Pizza, which was once consumed only by the Italians, is now a popular food in the American household and they come in all types of flavors. If you are someone with an entrepreneurial mindset, this would be an interesting niche to get involved with.
But, what’s the best approach in the modern setting when starting a pizza business from scratch? Is it better to do franchise or to build your own brand? Let me share with you my perspective.
Opening a Franchise
We have all heard of Pizza Hut and Domino’s. These are the outlets that we see mushrooming especially in crowded places and the reason their business could grow so rapidly over the years is because of franchising.
In this business model, you are given a license to run a pizza shop using everything provided by the franchisor (the trademark company) in return for an agreed-upon fee.
1) The good thing about working with these type of companies is the impact of using their brand name. It’s easily recognizable and doesn’t take long for customers to relate to the food and services.
2) The business solution is all set up for you to follow. From operation to marketing, everything has been laid out; all you need to do is to attend a series of on-site training and then put them into practice.
1) The biggest disadvantage, however, would be the cost of investment. In order to obtain the license (permission to operate under the trademark), one is required to fork out about $25 to $35K.
This is followed by other initial start-up fee such as property rental, equipment, payroll and supplies which would cost between $100 to $500K.
Once in operation, you would be required to pay a royalty fee (a percentage of sales revenue), ranging from 5% to 12%, that must be paid to the franchisor on an ongoing basis.
2) To maintain the reputation of their brands, you can’t go around running the business the way you like it. In most cases, the business solution provided is fairly comprehensive and sufficient, but if you want to venture out of the box, there will be a lot of restrictions.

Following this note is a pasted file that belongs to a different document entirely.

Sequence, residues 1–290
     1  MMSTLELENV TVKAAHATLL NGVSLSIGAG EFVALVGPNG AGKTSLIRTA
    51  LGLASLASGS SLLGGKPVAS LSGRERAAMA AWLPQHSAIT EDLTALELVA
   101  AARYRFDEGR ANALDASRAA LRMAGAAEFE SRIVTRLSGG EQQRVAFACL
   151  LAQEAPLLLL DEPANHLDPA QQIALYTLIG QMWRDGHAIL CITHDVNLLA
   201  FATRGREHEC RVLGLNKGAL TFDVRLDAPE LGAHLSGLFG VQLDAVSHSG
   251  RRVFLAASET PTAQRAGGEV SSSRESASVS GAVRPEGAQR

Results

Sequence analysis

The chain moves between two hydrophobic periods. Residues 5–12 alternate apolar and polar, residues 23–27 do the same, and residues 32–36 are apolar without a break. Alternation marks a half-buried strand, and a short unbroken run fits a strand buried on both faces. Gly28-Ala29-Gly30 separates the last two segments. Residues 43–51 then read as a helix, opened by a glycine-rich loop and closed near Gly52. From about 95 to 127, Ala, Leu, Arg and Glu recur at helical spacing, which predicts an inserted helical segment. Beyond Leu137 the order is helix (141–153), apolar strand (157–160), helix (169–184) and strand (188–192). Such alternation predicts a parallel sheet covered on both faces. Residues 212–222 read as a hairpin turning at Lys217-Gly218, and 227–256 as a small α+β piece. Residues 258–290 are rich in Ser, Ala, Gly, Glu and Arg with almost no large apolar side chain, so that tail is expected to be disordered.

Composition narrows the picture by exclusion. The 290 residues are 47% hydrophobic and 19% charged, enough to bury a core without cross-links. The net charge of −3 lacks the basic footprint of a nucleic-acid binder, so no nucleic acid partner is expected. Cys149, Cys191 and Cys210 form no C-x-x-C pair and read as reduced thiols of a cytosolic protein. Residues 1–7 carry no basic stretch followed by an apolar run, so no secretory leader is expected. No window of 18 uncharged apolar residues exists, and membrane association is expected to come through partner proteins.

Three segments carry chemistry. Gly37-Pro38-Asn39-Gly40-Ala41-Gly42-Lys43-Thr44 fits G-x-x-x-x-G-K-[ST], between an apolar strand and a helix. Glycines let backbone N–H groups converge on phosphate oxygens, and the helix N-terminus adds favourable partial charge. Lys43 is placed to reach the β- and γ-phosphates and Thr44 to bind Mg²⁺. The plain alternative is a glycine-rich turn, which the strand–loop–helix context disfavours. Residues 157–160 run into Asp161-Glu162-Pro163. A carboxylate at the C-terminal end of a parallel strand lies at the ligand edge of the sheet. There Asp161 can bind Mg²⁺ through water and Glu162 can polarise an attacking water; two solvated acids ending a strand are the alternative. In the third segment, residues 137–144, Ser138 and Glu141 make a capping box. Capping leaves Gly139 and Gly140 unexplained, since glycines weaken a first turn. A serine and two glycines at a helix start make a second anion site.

3) With such a hefty investment, it usually takes more than 5 years to break even.
So for me, a franchise model is great IF you have a pile of cash and don’t mind waiting for a long period to reap the profit. However, for the majority of us who don’t have that type of financial and time luxury, I wouldn’t recommend this route for starting a pizza business.
What About Using Your Own Brand?
Some 20 years ago, it would have been intimidating to go with your brand in any business industry, but with the internet, this barrier no longer exists. Now, whether you run a small pizza store or don’t own any shop at all, it’s not impossible to go big with a personal brand.
The reason for this is because the cost of entry for online businesses is extremely affordable. For start-up, you only need a domain name and a website hosting platform, both of which can be acquired for about $300 plus per year. That’s a stark difference if you compared to the franchising model of investment.
Once the website is up and running, you are basically in control of the marketing. For example, for a local pizzeria, one can set up an online menu/delivery system and post gallery photos to showcase their restaurants. You can also list the shop on Google to reach out to more local customers and invite them to write reviews about your shop.
In the listing below, we could see that Deanne’s, a small family run pizzeria in New York has better reviews (up to 4 stars) than Pizza Hut/Dominos within the same vicinity. That’s the advantage of being unique and implementing your own marketing strategies rather than following a rigid business solution like franchising.